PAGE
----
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April 24, 2006

New Orleans Katrina Clean Up Day Two

Wow. Day two turned out to be a lot of work, but very exhilarating and remarkable.

As I mentioned yesterday, we are in a FEMA run facility operated by the Federal Government. As an Ops person, I have to say, I quite enjoy the process and procedure that abounds here. Straight forward and simple rules. Clear structure and reason for all parts of the camp. Things run pretty darn well.

Anyway, the teams here go out in two waves. The first teams go out to the work sites at 7:30, so need to be up by no later than 6 probably. The second teams go out to the sites at 8:30. We are a second wave team. So, we were up around 6:45 today.

No one showers (why bother) so it is over to the mess tent for breakfast. In addition to a Team Captain each team has a Tool Captain. Ours is fellow co-worker Harry Pallick. Harry, as Tool captain, gets up earlier than we do, gets all of our teams tools inventoried and prepped, and leaves for the work site earlier than us. He also stays behind at the site after we leave as well, securing the tools until the tool truck comes by.

By the way, Harry is napping over on his cot in our tent as I type this. The life of a Tool Captain!

Following breakfast our team meets at 8:00 for a team meeting. Together we review that everyone is there, has appropriate Personal Protection Equipment, and their FEMA sack lunch.

Our "cooler team" - Jeremy McGuire and Paul from Boston - head over to pack our water cooler for the team. They recommend each team member drink 1 or 2 bottles per hour during the work shift. We take as much as we can, about 90 or so. As is the procedure prescribed, we mix frozen water bottles with regular ones. This cools the regular ones. Later at the site we open the cooler and let the frozen ones thaw.

Once an assigned bus arrives, each to transport four teams to the job, we load the coolers and hop on. We finally make it to our first home site about 9 am. We are at 2500 Paul Drive.

The good news is, our house has a large doorway in the front, probably was a sliding glass door or french doors. The bad news is, we can't really even take a step in.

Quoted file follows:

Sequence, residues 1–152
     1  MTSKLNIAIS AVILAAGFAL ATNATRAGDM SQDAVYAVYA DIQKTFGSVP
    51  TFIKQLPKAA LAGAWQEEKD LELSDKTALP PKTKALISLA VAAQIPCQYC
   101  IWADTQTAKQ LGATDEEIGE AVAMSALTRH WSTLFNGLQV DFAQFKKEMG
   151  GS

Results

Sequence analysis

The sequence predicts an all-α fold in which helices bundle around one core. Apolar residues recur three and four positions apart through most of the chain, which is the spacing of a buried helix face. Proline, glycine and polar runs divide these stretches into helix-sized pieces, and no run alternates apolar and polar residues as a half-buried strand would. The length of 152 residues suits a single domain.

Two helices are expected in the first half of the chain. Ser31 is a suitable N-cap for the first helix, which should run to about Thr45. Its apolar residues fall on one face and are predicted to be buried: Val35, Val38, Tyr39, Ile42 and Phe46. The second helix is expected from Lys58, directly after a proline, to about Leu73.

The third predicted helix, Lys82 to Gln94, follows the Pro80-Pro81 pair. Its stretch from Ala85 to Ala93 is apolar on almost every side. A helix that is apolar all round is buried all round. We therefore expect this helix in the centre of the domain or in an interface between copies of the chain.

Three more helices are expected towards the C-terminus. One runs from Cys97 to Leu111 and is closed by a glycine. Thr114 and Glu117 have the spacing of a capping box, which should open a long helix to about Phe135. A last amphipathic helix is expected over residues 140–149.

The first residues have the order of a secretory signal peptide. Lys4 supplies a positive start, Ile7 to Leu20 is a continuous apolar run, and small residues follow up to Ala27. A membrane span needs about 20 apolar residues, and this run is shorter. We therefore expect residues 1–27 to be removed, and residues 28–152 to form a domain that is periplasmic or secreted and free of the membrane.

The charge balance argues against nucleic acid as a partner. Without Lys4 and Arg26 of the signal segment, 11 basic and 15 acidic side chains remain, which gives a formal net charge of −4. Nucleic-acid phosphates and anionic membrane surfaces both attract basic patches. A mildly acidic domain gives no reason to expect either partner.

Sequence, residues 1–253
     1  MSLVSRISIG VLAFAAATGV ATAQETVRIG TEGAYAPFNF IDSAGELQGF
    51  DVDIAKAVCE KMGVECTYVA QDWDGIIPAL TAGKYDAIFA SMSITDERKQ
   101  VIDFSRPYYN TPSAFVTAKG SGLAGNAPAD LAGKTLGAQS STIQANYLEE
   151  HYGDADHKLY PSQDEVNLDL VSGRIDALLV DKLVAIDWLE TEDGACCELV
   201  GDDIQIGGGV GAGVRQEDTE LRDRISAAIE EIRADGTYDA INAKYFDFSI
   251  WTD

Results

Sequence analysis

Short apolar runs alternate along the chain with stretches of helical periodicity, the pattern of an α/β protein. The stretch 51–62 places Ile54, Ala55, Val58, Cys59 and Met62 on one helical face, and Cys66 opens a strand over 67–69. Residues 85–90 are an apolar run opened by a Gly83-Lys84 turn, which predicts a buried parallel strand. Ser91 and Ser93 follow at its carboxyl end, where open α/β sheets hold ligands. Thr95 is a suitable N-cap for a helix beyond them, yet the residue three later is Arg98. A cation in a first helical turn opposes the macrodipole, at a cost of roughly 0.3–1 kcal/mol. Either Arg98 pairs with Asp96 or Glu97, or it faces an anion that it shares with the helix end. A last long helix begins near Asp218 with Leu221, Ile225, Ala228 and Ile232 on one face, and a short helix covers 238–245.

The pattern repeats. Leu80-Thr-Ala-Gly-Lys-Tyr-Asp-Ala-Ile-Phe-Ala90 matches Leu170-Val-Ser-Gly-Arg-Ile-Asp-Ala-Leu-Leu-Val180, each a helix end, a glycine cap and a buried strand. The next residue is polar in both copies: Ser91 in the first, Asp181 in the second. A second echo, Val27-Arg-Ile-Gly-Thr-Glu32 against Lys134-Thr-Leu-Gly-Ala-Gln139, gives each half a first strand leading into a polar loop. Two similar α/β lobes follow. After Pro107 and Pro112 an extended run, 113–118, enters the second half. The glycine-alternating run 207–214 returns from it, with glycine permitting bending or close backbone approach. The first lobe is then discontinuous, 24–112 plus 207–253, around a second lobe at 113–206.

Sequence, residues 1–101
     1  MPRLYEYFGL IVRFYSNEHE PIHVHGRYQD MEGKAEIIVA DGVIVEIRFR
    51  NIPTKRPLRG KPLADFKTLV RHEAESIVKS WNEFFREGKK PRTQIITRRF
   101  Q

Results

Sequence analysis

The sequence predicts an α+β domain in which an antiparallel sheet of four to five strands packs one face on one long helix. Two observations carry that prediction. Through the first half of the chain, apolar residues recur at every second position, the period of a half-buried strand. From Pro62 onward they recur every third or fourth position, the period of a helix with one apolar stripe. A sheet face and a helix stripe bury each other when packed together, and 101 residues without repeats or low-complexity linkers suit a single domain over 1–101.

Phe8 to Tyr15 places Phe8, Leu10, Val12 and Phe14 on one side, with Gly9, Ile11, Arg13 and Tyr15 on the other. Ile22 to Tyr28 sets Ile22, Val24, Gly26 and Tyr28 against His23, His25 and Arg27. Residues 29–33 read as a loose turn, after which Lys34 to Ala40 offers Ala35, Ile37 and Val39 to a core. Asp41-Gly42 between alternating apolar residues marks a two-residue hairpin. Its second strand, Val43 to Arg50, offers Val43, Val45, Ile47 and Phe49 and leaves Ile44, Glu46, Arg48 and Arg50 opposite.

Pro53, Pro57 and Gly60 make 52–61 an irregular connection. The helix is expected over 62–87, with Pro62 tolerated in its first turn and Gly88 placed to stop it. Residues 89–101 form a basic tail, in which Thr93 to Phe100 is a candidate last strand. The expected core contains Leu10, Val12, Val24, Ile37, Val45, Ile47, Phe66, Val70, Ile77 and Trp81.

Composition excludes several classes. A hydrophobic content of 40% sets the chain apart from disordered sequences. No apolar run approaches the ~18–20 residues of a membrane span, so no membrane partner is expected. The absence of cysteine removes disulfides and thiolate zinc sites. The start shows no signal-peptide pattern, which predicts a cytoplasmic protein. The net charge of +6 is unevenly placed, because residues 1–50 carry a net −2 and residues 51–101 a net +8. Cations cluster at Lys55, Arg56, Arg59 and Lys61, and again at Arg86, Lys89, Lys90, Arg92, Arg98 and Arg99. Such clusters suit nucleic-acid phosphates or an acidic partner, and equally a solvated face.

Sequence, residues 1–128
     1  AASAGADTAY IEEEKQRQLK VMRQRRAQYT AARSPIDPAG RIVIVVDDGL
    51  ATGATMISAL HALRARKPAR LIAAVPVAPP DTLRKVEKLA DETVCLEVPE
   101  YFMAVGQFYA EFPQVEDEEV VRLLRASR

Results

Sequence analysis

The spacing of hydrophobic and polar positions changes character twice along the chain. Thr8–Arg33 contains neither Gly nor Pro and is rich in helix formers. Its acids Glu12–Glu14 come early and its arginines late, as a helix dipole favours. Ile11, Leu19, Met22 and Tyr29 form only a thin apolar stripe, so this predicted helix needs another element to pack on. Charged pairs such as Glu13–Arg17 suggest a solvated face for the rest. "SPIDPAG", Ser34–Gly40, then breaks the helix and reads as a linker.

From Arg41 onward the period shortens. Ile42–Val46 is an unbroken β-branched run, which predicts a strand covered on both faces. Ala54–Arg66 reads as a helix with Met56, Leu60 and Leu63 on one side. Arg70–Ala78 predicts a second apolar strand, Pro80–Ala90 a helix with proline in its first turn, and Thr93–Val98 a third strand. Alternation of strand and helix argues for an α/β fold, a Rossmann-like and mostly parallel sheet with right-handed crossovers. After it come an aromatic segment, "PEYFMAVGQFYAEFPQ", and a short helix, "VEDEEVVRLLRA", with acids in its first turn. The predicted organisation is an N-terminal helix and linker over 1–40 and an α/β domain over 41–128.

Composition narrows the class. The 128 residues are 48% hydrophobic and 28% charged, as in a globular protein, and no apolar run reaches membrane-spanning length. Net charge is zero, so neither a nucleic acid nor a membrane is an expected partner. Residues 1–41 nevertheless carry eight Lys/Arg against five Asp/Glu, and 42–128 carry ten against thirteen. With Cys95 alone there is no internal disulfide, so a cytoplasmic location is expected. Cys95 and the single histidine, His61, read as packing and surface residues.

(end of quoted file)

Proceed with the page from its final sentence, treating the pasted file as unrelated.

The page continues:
The debris and furniture are pretty much completely blocking our way. As we force in a bit, we step into dark green muck and start to get a sense of whatmay have happened here.

The ceiling is on the floor. Drywall, insulation, ceiling tiles - everything. Differs slightly depending on the room. In this home, the living room has a nice 12 foot or so vaulted ceiling. All of that ceiling is on the floor.

Lookint high on the wall, we can see the water line from the storm at about 10 ft. This is a single story house and is maybe 15 feet tall in total to the top of the roof. Even on the roof during the storm there would have been little room for safety. Freaky, scary, and sad.

We worked hard to clear the rooms and make our way in. Removing large items first, couches, chairs, the ceiling, whatever is in your way.

The floor has anywhere from 3 to 6 inches of river mud on it. Everywhere. EVERYWHERE. We scoop, and scoop, and scoop. This is heavy, wet, silt, mud. It is on everything, soaked into everything, making everything very heavy.

I wish I could post my photos, but I don't have my transfer cable. I'll post them later, but they still may not do it justice.

Gutting the house is definitely a mix of emotion.

First, there is the sheer work of it. It is hot. 85 degrees and maybe 45 percent humidity, outside. Inside is hotter until you can get some windows opened or smashed out.

We are wearing a hard hat, long pants, short or long sleeves, an air respirator over our mouths, protective eye goggles and work boots.

Along with the work there is a definite feeling of challenge and motivation. "We can do this" and "Let's go!" are on the mind.

As you get into it, and slow down due to the conditions and work, that fades a bit, but not completely. For the most part, we stay upbeat and moving. Continual progress.

Amazement sets in, definitely as you get into personal belongings, hoping to find valuables and memorabilia that can be salvaged. Furniture, like desks just fall apart as you pull out drawers. Still you look hopefully for something of value or sentiment that can be returned to the owners. It is sad to peel through stacks of photos, glommed together by the moisture, and find none with anything left but smears of ink that are not recognizable.

Essentilly you are awestruck at what has happened here. Total loss. Photo albums, clothes, letters, furniture, literally everything a family had, is in here and is ruined.

It is a good thing we are here. All of these volunteers. I can't imagine how much more work needs done. I'm glad we came.

I know this, we will work just as hard, if not harder through the week. And, we will sleep better and better each night!

Posted by gcrgcr at April 24, 2006 6:53 PM

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